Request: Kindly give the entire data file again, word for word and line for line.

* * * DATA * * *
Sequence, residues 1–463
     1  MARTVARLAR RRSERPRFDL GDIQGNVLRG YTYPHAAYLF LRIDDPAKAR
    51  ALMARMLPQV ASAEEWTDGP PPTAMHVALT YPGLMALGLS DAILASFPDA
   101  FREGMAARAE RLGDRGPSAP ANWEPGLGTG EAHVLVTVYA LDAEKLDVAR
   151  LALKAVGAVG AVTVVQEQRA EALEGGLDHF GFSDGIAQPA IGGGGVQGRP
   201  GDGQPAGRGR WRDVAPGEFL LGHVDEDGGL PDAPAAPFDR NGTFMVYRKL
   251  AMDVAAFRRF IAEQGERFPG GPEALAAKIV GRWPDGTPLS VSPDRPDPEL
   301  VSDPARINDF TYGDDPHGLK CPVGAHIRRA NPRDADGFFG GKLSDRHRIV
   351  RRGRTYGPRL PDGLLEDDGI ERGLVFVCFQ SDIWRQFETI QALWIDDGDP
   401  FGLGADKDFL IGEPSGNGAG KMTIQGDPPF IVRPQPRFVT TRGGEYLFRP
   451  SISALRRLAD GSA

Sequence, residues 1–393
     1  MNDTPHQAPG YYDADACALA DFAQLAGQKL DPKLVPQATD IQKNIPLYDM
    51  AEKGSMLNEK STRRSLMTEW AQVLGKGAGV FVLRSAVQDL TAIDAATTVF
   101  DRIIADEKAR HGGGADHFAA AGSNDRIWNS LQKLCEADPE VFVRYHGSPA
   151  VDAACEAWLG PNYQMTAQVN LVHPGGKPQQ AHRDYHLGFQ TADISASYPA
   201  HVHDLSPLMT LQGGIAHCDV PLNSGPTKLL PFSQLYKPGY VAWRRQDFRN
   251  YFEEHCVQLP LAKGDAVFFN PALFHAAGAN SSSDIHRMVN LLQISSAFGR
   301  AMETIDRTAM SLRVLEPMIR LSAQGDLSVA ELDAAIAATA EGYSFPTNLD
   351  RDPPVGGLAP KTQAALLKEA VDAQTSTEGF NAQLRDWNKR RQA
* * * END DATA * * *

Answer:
Sequence, residues 1–463
     1  MARTVARLAR RRSERPRFDL GDIQGNVLRG YTYPHAAYLF LRIDDPAKAR
    51  ALMARMLPQV ASAEEWTDGP PPTAMHVALT YPGLMALGLS DAILASFPDA
   101  FREGMAARAE RLGDRGPSAP ANWEPGLGTG EAHVLVTVYA LDAEKLDVAR
   151  LALKAVGAVG AVTVVQEQRA EALEGGLDHF GFSDGIAQPA IGGGGVQGRP
   201  GDGQPAGRGR WRDVAPGEFL LGHVDEDGGL PDAPAAPFDR NGTFMVYRKL
   251  AMDVAAFRRF IAEQGERFPG GPEALAAKIV GRWPDGTPLS VSPDRPDPEL
   301  VSDPARINDF TYGDDPHGLK CPVGAHIRRA NPRDADGFFG GKLSDRHRIV
   351  RRGRTYGPRL PDGLLEDDGI ERGLVFVCFQ SDIWRQFETI QALWIDDGDP
   401  FGLGADKDFL IGEPSGNGAG KMTIQGDPPF IVRPQPRFVT TRGGEYLFRP
   451  SISALRRLAD GSA

Sequence, residues 1–393
     1  MNDTPHQAPG YYDADACALA DFAQLAGQKL DPKLVPQATD IQKNIPLYDM
    51  AEKGSMLNEK STRRSLMTEW AQVLGKGAGV FVLRSAVQDL TAIDAATTVF
   101  DRIIADEKAR HGGGADHFAA AGSNDRIWNS LQKLCEADPE VFVRYHGSPA
   151  VDAACEAWLG PNYQMTAQVN LVHPGGKPQQ AHRDYHLGFQ TADISASYPA
   201  HVHDLSPLMT LQGGIAHCDV PLNSGPTKLL PFSQLYKPGY VAWRRQDFRN
   251  YFEEHCVQLP LAKGDAVFFN PALFHAAGAN SSSDIHRMVN LLQISSAFGR
   301  AMETIDRTAM SLRVLEPMIR LSAQGDLSVA ELDAAIAATA EGYSFPTNLD
   351  RDPPVGGLAP KTQAALLKEA VDAQTSTEGF NAQLRDWNKR RQA